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Fossil inside geode? At least it looks good!


GeneralAnesthetic

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GeneralAnesthetic

I peer into a small geode at 80x to look at what look like small blooms of crystals covering bulbous blue crystal mounds. Originally I wanted to see why the geode had white crystal patches on one side and the top side had darker spots. First I see that the "blooms" are actually super small stones that look to be growing their own crystals. I had to look further, I wasn't sure if the geode was opened when I chipped it free from the breccia or if had been open while it was encased. The crystallization was perfectly clean, so I surmise it was. Either way, how in the world does a geode crystallize and then later adopt a speckling of microscopic stones? So, I'm looking over the surface and there is this anomaly. does not match any of the features inside the geode. I look closer and it appears to have, internal organs, segmented legs, and antennae. Could this really be some type of shrimp? Or similar crustacean? I'm really curious to hear what you all think. Hopefully the images suffice, I have a biological microscope so it is not the best at 3D.khfkahfkal.JPG.d321c978e1ac462f0c5e3374bc883161.JPG

 

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Posterior

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Head/Antennae

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I know I've been looking at a screen all day, but this sure looks like a segmented/armored leg. 

leg.JPG.97479b68c66bdf16b6526cff2d26d621.JPG

 

And, I'm spent

 

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I thing the geode was open and some critter took up residence. Looks like a molt casing to me. The stones look like dirt.  Others will weigh in, but that's my take on it.

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I'm not so sure about your shrimp theory, but as far as the question about the occurrence of the microscopic stones goes, don't forget that the crystals evolved out of a super-saturated liquid. If you observe the microscopic stones, you can see that they were there first, since the crystals grew on them, which means that the stones probably dislodged from the walls of the geode and were floating around beforehand.

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All I see in Your pictures are different types of minerals/crystals.

Not all crystals are quartz (clear hexagonal), many will form botryoidal masses.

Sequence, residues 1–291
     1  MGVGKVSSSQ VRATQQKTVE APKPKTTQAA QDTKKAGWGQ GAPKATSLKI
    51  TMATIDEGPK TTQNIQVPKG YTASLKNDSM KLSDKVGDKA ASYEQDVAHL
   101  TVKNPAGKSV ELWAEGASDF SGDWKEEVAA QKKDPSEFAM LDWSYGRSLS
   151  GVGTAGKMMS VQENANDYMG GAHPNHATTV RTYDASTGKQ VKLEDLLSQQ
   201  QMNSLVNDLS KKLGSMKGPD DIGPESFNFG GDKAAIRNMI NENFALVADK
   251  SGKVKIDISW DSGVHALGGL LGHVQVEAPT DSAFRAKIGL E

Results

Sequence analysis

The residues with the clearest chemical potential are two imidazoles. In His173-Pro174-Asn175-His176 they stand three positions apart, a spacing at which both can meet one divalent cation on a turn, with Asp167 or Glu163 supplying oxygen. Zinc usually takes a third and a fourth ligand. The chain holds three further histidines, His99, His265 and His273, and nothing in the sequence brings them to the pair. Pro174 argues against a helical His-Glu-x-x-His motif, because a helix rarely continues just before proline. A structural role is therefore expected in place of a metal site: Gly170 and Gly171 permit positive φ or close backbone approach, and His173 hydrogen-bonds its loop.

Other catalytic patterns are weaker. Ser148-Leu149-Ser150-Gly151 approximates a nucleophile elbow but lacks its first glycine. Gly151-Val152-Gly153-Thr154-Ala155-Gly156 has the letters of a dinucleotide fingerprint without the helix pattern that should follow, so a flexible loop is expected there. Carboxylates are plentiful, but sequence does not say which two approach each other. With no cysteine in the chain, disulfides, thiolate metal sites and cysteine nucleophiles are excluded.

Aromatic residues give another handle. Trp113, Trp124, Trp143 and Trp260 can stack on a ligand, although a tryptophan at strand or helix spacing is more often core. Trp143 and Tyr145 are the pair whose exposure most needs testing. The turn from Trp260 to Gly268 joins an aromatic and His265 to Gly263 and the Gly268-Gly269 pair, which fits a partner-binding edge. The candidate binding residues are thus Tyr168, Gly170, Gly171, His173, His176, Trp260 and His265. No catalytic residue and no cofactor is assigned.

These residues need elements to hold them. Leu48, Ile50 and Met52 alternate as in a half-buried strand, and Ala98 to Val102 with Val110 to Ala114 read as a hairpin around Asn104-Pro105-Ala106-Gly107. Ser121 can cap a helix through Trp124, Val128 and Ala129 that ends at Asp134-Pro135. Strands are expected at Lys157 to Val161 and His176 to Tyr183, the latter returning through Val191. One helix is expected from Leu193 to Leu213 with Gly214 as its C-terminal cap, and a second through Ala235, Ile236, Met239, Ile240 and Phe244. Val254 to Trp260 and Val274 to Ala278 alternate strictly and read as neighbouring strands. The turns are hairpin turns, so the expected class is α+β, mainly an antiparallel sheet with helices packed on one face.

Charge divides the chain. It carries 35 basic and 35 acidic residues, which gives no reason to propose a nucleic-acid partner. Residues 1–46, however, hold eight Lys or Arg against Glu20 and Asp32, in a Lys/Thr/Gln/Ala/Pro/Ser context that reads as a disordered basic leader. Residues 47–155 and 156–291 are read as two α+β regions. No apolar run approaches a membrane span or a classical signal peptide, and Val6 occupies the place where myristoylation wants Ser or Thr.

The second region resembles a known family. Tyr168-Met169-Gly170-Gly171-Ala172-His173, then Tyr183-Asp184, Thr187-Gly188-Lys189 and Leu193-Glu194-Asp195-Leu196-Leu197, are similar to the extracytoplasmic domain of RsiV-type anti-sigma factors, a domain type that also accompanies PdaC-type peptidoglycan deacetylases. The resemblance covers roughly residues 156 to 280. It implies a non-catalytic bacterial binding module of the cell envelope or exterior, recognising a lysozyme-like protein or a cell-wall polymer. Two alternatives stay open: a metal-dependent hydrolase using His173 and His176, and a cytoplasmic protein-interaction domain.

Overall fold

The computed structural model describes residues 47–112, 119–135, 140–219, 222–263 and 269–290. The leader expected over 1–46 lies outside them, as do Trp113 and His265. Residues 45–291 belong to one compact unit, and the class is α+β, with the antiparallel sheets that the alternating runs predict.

No insect, no shrimp and no "dirt".

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Ynot is right (again).  Reread your post and realized I misread it the first time. Thought you said you were not sure if the geode was open when you collected it. So much for the easy/obvious explanation of contamination. All that is left is crystallization - no matter how funky the crystals look.

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9 hours ago, GeneralAnesthetic said:

I chipped it free from the breccia

Geodes are not typically found associated with "brecca" type rock.

 Can You post a picture of the whole piece?

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Your stones look like pyrite to me.

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2 hours ago, caldigger said:

Your stones look like pyrite to me.

You have a point there.

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I see the remains of an insect there.  How it got there is anyone's guess, but the possible pyrite and other micro-crystals are not a mystery.  They got there the same way the main crystals got there.  Crystals often will have other crystals growing on them.  

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GeneralAnesthetic
7 hours ago, caldigger said:

Your stones look like pyrite to me.

 Nothing in this post resembles any pyrite I've ever seen. 

 

I should have said that I didn't think it was a shrimp or insect of any kind. I just didn't understand what it could be. Moreover, it appears to be a whole lot more unique than any other crystal I've seen, a lot like a shrimp.And I've seen a couple here and there ;) And quite honestly I have yet to see much by the way of photography of the three dimensional surface of encapsulated spaces. Who knows what's going on at that level? Help me out, show me. I'm welcome to info in any form.